Sheridan prof demos creativity at TEDxHamilton


Dan Zen, inventor and Sheridan interactive multimedia professor, sweeps Hamilton Spectator  auditorium with hockey stick broom. (Photography by Elise Morton)


Imagine living in a world where money wasn’t as important as communicating with people, you could ride a slide to work and sweep the floor with a hockey stick broom.

Inside the Hamilton Spectator auditorium six speakers shared these intriguing ideas, their stories and inventions with the 100 people at the TEDxHamilton: Engineering Grace event last Friday.

The independently organized TED event featured speeches, which focused on different forms of engineering and achieving grace in life, from hard-working mothers, a builder, doctor and more.

“The goal for the night was really to introduce people to a lot of new ideas and to showcase the people we have in this city,” said Paul Vilchez, a member of the TEDxHamilton team. “Last year, I noticed that all these different communities are under our noses, but we just don’t hear about them.”

“By holding an event like this, we can showcase someone from a different community that you might not experience, and plus it’s just really awesome so that’s why we wanted to do it again.”


Through, the emotional tales of struggle, sadness, healing and strength no one was as memorable as Dan Zen, an inventor and professor in the interactive multimedia program at Sheridan College.

Whether, it was his helpful tips, friendly personality or wacky inventions Zen left the crowd intrigued and with a new perspective on how to find or have a moment of “aha” without the wait.

“The problem is a lot of us think that we can create only when inspiration hits us,” said Zen. “The way to be creative on demand is by inventing with simplicity. It is simple to invent if you invent with simplicity.”


Dan Zen, joins in on the celebration with the TEDxHamilton volunteers at the end of the night.


To demonstrate an “aha moment”, Zen showed the audience his favourite broom, which happens to be a hockey stick with some bristles screwed to the blade.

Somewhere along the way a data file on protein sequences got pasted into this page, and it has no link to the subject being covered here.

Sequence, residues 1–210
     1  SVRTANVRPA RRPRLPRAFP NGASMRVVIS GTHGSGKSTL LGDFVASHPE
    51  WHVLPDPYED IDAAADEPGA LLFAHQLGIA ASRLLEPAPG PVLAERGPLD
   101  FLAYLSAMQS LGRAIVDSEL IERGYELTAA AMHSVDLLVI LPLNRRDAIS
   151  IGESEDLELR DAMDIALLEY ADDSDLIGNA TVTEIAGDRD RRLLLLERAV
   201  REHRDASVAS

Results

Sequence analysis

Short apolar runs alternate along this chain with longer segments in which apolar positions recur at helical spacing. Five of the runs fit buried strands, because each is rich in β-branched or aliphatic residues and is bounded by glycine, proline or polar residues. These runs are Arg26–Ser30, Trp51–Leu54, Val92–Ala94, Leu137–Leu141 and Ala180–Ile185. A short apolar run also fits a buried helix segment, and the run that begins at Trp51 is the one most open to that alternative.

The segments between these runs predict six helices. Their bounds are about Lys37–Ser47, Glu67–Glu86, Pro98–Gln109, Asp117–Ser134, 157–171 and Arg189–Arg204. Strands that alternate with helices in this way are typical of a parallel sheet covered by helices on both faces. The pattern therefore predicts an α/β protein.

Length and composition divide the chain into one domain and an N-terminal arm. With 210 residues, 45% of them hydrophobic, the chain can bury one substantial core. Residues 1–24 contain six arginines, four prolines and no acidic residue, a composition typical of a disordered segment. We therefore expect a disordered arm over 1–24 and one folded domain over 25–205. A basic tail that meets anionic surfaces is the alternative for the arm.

He had broken the handle off of his broom and realized while he was sweeping with the head that this was easier than the push broom. He also found the angle he was sweeping on was familiar to using a hockey stick. Struck by a moment of creativity a new invention was born.

“I hope to bring the word of creativity to as many people as possible to help them lead a creative life,” said Zen. “TED talks are relatively famous for sharing ideas, I live here in Hamilton and I saw the opportunity to talk.”

The event was a team effort by the speakers, TEDxHamilton organizers, sponsors and many volunteers.

“I found it really inspirational. I’ve always seen videos of TED talks, but I really wanted to go and I thought it would be a good opportunity to volunteer here,” said Gurneet Chahal, a first-time volunteer.

“I feel really privileged to be a part of it. I feel like it gives me motivation and I might do a TED talk one day too.”

Although, engineering grace was not the TEDxHamilton organizers’ first choice for the theme, the event was still a success and it brought together two different ideas.

“We wanted a different theme, but it got co-opted by TED, so we had to come up with a new one on the fly,” said Vilchez. “It was kind of the idea that they are two really different concepts, engineering is really artificial and man made whereas grace is nature like.”